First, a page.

Whatever the precise influences explicit in his mind, however, Tolkien’s creation myth resonates explicitly with Boethius’s understanding of the Pythagorean belief in a musical universe, where Iluvatar, as choirmaster, leads his first creations, the Ainur, in a magnificent, orchestral creation of the world in which Middle-Earth will have its being:
“Then the voices of the Ainur, like unto harps and lutes, and pipes and trumpets, and viols and organs, and like unto countless choirs singing with words, began to fashion the theme of Iluvatar to a great music…. and the music and the echo of the music went out into the Void, and it was not void.”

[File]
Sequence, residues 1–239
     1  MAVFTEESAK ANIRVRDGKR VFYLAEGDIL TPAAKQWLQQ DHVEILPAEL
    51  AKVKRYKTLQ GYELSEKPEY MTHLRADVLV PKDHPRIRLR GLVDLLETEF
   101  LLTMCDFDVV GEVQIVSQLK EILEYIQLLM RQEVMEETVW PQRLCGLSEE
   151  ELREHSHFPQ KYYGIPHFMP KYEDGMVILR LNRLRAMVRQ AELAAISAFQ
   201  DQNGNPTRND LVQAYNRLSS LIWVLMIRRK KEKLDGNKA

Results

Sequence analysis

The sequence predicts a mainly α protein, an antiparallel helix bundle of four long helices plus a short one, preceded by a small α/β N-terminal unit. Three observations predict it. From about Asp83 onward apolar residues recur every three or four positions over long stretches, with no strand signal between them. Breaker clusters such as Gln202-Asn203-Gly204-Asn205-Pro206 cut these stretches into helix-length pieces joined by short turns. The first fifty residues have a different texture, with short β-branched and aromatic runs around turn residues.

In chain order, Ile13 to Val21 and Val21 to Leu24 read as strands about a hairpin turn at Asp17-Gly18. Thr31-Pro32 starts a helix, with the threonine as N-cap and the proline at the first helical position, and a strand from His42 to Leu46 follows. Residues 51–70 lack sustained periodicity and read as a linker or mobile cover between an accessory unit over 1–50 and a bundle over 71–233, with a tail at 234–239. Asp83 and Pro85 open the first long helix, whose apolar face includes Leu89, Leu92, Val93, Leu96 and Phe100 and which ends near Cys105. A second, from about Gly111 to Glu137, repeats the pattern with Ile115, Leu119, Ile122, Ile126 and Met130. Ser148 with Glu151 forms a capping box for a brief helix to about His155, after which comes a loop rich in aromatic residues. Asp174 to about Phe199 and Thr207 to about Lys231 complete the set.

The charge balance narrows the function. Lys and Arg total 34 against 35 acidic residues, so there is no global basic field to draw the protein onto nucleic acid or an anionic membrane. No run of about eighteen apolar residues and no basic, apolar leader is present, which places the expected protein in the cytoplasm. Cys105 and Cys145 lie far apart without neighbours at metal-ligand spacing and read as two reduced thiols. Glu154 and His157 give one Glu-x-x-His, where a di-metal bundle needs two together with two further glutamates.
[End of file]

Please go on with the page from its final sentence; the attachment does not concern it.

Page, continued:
More particularly, we see in the Ainulindale a three-part structure: first, there is the song of the Ainur’s strife (between Manwe and the faithful Ainur and Melkor and the rebellious Ainur), then, they have a vision of the history of the world which their music has created, and finally, they enter into that world and labor to bring the Vision into reality. So they engage first in an instrumental (if heavenly) type of music, using the power of voice to create song; then they perceive the cosmos and the cosmic history created by their music; and finally, they become committed to fulfilling their attempt to live virtuously according to the music for their own sake and the sake of the Children of Iluvatar to come. The Ainulindale is a three-fold melody between the music of the Ainur, the cosmic vision which their music produces, and their mighty labors to bring the created world into physical harmony.